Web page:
Thursday, 31 January 2013

Genetic diversity of modern horses

Some very distinctive groupings of modern breeds emerge in this survey of modern horse breed genetic variation, and some of these groups have clear geographical associations.

Horses are very mobile, and can also be traded; much of their existing variation may also be the result of artificial breeding which might have included both selection for particular desirable traits as well as mixing different populations.

Now that there is a fairly clear picture of modern variation, it will be useful to explore how this has emerged over time. It'll be interesting to see how ancient horses fit into the modern picture: will they prove ancestral to those living in the same regions, or is there a process of continuous renewal, with multiple episodes of turnover, as good breeds emerge somewhere across the geographical range of the animal, and quickly replace less advantageous ones?
PLoS ONE 8(1): e54997. doi:10.1371/journal.pone.0054997

Genetic Diversity in the Modern Horse Illustrated from Genome-Wide SNP Data

Jessica L. Petersen et al.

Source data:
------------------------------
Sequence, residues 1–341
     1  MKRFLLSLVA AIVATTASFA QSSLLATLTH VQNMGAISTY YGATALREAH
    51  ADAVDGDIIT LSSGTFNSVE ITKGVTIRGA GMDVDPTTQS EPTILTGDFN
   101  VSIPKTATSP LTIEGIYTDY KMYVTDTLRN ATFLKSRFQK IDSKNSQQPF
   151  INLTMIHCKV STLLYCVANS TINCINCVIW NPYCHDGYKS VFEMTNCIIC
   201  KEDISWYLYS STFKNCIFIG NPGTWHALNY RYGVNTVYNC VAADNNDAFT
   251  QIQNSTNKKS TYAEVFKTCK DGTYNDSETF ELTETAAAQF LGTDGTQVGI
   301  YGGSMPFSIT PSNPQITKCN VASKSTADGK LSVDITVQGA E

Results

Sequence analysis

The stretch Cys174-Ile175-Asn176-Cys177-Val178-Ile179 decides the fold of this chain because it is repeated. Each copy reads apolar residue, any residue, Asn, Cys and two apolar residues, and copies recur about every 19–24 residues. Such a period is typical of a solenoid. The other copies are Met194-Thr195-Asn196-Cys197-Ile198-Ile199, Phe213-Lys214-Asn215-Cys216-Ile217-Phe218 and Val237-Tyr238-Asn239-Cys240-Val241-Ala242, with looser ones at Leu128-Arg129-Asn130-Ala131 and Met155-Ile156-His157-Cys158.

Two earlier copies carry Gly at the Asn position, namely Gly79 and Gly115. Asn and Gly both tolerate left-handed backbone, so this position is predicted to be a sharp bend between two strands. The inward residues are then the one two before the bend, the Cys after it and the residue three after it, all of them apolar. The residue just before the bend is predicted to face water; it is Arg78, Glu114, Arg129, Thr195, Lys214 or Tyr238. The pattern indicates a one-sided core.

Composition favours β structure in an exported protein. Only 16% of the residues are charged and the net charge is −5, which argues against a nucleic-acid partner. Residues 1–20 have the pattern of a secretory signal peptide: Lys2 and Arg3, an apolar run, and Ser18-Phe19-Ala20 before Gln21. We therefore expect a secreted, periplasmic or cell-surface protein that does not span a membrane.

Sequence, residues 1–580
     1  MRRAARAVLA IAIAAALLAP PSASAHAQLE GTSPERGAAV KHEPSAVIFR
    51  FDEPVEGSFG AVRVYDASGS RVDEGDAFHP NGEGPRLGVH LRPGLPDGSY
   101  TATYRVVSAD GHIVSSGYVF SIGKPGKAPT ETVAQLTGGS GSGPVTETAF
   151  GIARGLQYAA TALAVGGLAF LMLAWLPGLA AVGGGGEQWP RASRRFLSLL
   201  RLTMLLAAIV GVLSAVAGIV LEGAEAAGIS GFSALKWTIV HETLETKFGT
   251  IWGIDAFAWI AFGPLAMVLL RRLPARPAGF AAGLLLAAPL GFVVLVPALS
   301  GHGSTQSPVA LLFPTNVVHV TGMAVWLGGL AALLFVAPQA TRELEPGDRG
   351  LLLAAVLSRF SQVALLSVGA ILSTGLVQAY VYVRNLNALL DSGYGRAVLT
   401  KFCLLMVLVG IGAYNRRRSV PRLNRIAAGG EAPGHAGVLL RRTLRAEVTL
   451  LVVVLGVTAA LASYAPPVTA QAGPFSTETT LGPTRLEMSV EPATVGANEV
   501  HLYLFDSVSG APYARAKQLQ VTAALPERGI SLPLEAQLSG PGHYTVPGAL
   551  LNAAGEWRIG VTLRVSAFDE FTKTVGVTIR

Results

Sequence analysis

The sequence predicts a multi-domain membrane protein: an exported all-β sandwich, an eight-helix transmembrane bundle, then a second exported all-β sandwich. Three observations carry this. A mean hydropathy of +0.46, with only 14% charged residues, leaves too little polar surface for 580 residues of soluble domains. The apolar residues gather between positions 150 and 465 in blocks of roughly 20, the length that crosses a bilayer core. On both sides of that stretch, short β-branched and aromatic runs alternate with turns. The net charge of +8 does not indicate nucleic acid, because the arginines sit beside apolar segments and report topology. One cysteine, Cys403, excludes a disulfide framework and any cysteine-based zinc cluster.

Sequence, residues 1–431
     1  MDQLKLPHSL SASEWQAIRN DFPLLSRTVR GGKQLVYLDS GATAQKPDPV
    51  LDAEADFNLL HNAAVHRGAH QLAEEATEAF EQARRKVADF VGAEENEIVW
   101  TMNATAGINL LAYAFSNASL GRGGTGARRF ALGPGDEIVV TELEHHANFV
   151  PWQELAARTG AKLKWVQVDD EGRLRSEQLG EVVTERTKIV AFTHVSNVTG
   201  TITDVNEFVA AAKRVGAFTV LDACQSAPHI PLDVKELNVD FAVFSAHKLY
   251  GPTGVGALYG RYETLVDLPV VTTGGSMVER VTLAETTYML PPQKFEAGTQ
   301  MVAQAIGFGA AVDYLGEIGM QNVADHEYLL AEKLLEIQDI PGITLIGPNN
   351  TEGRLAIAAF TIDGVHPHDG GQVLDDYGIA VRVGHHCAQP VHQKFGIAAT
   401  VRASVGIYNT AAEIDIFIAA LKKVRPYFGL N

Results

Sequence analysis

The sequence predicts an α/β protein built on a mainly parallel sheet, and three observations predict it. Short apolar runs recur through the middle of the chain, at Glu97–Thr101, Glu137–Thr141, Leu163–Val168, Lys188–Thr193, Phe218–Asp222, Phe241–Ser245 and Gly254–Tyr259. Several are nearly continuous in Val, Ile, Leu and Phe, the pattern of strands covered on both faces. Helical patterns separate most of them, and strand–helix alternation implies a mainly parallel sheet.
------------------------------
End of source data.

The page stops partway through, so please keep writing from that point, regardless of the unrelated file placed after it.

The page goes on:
Horses were domesticated from the Eurasian steppes 5,000–6,000 years ago. Since then, the use of horses for transportation, warfare, and agriculture, as well as selection for desired traits and fitness, has resulted in diverse populations distributed across the world, many of which have become or are in the process of becoming formally organized into closed, breeding populations (breeds). This report describes the use of a genome-wide set of autosomal SNPs and 814 horses from 36 breeds to provide the first detailed description of equine breed diversity. FST calculations, parsimony, and distance analysis demonstrated relationships among the breeds that largely reflect geographic origins and known breed histories. Low levels of population divergence were observed between breeds that are relatively early on in the process of breed development, and between those with high levels of within-breed diversity, whether due to large population size, ongoing outcrossing, or large within-breed phenotypic diversity. Populations with low within-breed diversity included those which have experienced population bottlenecks, have been under intense selective pressure, or are closed populations with long breed histories. These results provide new insights into the relationships among and the diversity within breeds of horses. In addition these results will facilitate future genome-wide association studies and investigations into genomic targets of selection.


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